Students are usually confused by theory because most of their experience with theory has been in the classroom where “Big” theories were presented. In the classroom they are introduced to theories or “well-substantiated explanations.” Examples might include how market works (law of supply and demand), what motivates student-learning, causes of poverty, why planets rotate around the sun, or how plants and animals evolve. Theories were something students memorized in preparation for a test or occasionally applied in a research essay or paper. (Tweet this quote.)
1. Disconnect between the Theory and Project
Now as students face a big research project at the end of their course work they somehow expect to use theory in their paper and are unsure how these things connect to the problem of writing a literature review or collecting data for this big paper they have to finish. They may have analyzed journal articles – but the peer reviewed papers written by professors seem miles away from the initial steps in doing a masters thesis or even a dissertation.
2. Vague Research Methods
Research methods texts are also of little help. They always have a section on concepts and theory but tend to keep things vague or big. Gail Johnson (2010), for example, defines theory as “a coherent group of general propositions or as a verified explanation … such as the theory of relativity.” Her definition is abstract and linked to Einstein. Few students see themselves on par with Einstein. So, perhaps without meaning Johnson made theory inaccessible or beyond the ordinary student’s grasp much less their ability to use or develop. Students need to know how to narrow and focus. The weird emphasis on big theory leaves them stranded and confused.
3. Varying Theory as Scale Changes
One key to making sense of theory is to know that it can vary as scale changes. (Tweet this quote.) Further theories are connected as this scale changes. Wikipedia defines the term theory as a “type of abstract or generalized thinking.” This abstract thinking can be applied to big problems like how students learn or juvenile delinquency or smaller problems like how a particular program might be evaluated. Different kinds of abstract or generalized thinking and theorizing are needed as scale changes.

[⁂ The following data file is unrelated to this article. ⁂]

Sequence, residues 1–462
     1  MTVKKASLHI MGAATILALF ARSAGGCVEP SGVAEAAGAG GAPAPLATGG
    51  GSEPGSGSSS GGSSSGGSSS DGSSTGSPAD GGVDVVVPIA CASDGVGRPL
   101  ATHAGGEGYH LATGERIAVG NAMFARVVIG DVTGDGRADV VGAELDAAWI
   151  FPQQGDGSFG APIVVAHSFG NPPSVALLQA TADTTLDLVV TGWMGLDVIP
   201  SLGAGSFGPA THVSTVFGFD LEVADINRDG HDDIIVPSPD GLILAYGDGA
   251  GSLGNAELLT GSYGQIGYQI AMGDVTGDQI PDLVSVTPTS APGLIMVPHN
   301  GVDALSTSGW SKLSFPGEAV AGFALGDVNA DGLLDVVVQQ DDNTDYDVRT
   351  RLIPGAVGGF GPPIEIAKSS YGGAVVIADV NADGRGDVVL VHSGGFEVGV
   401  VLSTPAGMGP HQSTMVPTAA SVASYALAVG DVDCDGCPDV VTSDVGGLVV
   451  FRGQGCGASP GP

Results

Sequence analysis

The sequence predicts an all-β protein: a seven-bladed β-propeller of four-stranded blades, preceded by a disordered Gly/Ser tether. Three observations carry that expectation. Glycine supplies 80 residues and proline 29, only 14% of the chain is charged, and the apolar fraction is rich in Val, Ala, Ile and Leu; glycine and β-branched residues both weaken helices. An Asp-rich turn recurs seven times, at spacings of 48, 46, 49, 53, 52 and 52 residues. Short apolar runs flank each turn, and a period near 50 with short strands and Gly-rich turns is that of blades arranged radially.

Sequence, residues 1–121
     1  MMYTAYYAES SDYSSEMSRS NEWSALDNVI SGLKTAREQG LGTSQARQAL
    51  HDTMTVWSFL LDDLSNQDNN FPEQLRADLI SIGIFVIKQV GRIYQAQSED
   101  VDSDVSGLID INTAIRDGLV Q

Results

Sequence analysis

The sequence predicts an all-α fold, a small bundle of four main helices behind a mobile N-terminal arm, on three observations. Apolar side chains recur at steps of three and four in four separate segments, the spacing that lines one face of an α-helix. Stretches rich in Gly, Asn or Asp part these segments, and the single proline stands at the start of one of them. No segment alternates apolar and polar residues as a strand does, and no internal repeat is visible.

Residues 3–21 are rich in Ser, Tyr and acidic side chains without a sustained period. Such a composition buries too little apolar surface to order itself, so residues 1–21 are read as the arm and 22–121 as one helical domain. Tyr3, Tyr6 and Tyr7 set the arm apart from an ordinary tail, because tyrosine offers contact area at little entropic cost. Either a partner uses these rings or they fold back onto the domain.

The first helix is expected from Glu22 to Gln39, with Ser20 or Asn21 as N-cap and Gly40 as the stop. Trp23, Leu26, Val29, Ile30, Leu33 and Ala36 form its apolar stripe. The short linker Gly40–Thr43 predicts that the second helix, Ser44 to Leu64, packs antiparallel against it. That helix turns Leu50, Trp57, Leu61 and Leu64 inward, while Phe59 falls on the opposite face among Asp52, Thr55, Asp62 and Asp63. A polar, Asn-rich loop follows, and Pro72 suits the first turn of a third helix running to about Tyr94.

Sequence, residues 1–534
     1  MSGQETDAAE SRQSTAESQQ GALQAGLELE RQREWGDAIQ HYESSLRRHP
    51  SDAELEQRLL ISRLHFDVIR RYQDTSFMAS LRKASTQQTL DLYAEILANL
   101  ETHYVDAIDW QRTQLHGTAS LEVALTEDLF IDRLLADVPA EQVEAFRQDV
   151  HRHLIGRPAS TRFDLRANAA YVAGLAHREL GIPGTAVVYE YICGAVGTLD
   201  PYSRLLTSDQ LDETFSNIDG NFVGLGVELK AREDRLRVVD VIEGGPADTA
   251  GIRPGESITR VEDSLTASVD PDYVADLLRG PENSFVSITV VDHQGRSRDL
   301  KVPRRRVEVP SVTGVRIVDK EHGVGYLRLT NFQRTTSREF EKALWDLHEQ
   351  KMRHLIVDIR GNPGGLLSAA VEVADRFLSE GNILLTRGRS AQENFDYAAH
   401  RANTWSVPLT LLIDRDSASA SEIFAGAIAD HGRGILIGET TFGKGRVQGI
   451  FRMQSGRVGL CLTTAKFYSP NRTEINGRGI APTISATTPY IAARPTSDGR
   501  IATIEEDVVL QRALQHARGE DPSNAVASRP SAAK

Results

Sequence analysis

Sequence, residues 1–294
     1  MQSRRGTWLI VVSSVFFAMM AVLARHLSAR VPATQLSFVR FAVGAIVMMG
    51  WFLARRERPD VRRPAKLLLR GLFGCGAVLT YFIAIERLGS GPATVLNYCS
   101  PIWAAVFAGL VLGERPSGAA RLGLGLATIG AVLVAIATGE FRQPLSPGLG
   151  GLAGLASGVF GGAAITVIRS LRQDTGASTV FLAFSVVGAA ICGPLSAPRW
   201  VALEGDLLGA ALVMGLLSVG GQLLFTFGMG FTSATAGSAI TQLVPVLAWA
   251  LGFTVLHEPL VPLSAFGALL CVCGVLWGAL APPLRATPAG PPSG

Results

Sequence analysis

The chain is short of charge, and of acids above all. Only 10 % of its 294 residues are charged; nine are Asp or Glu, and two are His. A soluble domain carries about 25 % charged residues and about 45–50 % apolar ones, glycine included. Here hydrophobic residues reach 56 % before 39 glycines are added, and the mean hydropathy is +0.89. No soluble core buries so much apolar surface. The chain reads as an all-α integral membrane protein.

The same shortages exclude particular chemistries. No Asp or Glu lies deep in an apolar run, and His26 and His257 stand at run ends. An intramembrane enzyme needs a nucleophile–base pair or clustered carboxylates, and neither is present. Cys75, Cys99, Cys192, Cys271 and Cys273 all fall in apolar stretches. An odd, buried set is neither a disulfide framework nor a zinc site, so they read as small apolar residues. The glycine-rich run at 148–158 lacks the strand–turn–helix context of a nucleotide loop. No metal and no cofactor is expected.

In the upcoming blog posts I’m going to be sharing solutions to the challenges students face when applying theory to a research project. But first I will leave you with a helpful metaphor.
Theory is like a map. There is no expectation that a map is reality. It is there to help us navigate reality. (Tweet this quote.) The map is a tool. Theory is also a tool. It is a tool we use to help us make sense of reality. Now, most students know how to use tools – they are comfortable with the computer, a forks, a hammer. So too, they can be comfortable with theory.
By the way, I trace these ideas to the philosopher John Dewey and his book Logic: The Theory of Inquiry.
Johnson, Gail. (2010) Research Methods for Public Administrators. New Your: M. E. Sharpe.
Patricia M. Shields is a Professor of Political Science at Texas State University. She has a Master of Economics(1975) and PhD (1977) in Public Administration from The Ohio State University. Her research interests include pragmatism and public administration, peace and conflict resolution, research methods, women in public administration, and civil military relations. She has published over 60 articles and book chapters in journals. Meet Patricia.